9. The bombings in London, and Tony Blair’s tough-on-terror crackdown on liberalism…

    Indeed, I say if these guys are as bad as they claim that they, put them in the courts and try them. Of course the reason why they use terms like “spiritual leader” of Al Qaeda in Europe is due to the lack of evidence. They’d rather immolate their commitments against torture and send these folks off to Jordan on an informal understanding. How is an informal understanding going to stop them when the treaties that they’ve signed haven’t?

  10. Jason-

    There are indeed trade-offs between security and limits on the power of the state. However, the game is not zero-sum. For instance, if peaceful people have reason to fear the police then they’ll be more likely to flee from cops and do other things that cause the cops to waste resources. If moderate Muslims feel like objects of constant suspicion then they may be more likely to circle the wagons in denial, and less likely to tell the cops about the creepy guy at the mosque who has suddenly developed an interest in chemistry spending a few years obsessively studying religion and ranting about politics. And his roommate, a Pakistani student with visa problems, will be less likely to tell the cops that all of the guy’s experiments seem to involve nitrogen-rich compounds.

    So a government that’s more benevolent in certain regards might actually get more cooperation from the public.

    On the general issue of terrorism and the powers of the state:

    Suppose that a guy has an argument with his boss at the subway. So he plants a bomb to get revenge. A bunch of people die. He’s not an ideological fanatic, he’s just an American citizen who murdered a bunch of people. And let’s say his name is “Timothy Johnson” or “Michael Smith” or some other mundane name.

    I think most people here would agree that he should be put on trial in a regular court before a jury, and after being found guilty he should be sentenced to death or life imprisonment (depending on one’s views on capital punishment).

    Now, let’s say that another US citizen, an angry young Muslim man (born and raised here, just as the guys who bombed the London subway were born and raised there), does the exact same thing. Same damage, same death toll. But he says he did it to strike a blow against the Great Satan.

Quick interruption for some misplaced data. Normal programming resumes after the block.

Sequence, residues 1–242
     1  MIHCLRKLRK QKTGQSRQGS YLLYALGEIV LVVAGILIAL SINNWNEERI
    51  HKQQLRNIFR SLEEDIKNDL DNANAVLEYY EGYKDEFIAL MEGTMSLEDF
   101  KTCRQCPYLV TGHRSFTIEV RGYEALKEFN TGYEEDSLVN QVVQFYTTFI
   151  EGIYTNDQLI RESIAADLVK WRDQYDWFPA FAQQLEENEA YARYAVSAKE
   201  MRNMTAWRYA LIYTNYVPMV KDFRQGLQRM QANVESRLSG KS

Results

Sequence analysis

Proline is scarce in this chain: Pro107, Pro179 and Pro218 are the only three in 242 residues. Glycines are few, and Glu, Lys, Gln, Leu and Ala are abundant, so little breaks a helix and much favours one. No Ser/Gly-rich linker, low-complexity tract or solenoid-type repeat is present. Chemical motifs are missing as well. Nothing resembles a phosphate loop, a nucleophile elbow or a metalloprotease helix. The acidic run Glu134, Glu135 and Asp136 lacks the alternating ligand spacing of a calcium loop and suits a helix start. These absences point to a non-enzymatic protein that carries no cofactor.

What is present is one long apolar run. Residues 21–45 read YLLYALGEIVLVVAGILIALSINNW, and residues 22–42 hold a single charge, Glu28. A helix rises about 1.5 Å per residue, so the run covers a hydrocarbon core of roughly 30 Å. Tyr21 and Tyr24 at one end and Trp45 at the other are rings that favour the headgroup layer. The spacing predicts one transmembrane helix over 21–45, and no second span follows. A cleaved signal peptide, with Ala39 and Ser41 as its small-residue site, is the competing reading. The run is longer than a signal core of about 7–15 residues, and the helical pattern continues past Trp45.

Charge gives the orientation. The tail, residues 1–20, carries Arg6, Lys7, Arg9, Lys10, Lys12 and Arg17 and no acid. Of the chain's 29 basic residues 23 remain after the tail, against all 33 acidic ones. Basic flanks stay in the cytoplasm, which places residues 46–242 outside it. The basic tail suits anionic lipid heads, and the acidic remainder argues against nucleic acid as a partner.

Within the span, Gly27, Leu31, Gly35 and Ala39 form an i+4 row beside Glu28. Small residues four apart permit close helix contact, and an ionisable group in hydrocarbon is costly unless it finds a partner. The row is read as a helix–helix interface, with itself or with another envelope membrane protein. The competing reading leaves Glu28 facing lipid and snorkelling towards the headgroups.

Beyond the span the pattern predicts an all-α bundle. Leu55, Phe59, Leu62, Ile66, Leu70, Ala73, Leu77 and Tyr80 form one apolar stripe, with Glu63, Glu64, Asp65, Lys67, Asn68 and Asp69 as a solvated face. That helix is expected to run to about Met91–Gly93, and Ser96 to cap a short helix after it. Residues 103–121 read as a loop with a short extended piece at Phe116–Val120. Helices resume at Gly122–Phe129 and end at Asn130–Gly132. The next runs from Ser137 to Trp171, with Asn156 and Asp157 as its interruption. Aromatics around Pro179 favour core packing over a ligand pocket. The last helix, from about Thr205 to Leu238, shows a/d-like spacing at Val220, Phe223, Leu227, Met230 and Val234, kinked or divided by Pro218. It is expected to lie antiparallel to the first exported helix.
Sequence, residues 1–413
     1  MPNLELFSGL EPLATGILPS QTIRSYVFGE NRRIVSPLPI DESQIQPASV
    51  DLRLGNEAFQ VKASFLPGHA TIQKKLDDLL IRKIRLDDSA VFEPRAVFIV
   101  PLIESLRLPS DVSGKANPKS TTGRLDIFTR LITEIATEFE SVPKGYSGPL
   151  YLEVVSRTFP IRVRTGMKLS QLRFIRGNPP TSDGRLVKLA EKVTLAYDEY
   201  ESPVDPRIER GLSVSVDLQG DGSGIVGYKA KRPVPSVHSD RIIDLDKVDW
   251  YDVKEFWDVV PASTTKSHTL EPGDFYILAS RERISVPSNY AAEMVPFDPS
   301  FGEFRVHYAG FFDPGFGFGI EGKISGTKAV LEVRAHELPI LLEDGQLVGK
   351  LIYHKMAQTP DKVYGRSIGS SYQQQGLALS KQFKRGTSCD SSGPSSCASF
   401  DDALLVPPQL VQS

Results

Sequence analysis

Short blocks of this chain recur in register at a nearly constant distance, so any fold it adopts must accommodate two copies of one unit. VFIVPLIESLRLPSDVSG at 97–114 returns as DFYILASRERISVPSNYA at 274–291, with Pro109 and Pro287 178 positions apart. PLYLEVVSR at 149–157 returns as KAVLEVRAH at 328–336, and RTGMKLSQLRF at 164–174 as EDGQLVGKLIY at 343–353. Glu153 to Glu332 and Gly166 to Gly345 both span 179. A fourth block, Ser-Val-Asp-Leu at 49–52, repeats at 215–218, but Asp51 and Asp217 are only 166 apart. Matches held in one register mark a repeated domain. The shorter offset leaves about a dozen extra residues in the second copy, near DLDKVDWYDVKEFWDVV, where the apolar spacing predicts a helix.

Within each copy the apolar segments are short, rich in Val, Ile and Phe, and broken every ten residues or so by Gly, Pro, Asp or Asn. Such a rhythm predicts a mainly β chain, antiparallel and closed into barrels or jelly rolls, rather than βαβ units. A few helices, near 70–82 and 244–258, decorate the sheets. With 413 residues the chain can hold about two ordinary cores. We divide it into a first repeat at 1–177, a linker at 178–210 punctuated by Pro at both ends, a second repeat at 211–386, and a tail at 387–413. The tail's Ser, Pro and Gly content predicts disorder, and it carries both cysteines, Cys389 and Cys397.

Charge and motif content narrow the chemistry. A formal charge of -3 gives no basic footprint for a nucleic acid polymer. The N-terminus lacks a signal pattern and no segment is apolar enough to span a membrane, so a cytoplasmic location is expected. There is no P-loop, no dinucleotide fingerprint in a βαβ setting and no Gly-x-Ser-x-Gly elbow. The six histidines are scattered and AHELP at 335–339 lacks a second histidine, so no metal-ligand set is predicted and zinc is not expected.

How many people here would say that he should be put on trial in a regular court?

  11. Let’s make my question more concrete:

    How many people think that Timothy McVeigh should have been held without trial as an enemy combatant?

    How many people think that Eric Rudolph should have been held without trial as an enemy combatant? Keep in mind that Rudolph survived in hiding for years with the help of a shadowy network of like-minded religious fanatics.

    Now, how many people here think that Jose Padilla, a US citizen like McVeigh and Rudolph, should be held without trial as an enemy combatant?

    Keep in mind that Padilla’s death toll is (apparently) lower than McVeigh’s or even Rudolph’s. (From what I’ve read he was involved in one murder years ago, and there is no indication that he’s killed anybody since then, although you can never be sure.) Keep in mind that Padilla was born in the US. And keep in mind that Padilla, like Rudolph, joined a shadowy network of religious fanatics.

    So, I ask again, which (if any) of these guyst should be held without trial as an enemy combatant?

  12. thoreau:

    I agree with the general tone of what you wrote. What makes me scratch my head is not that there are tradeoffs we aren’t willing to make, but Matt’s argument that freedom makes us safer (presumably from terrorist type threats). The Pakistani student argument along these lines seems a bit thin, no offense.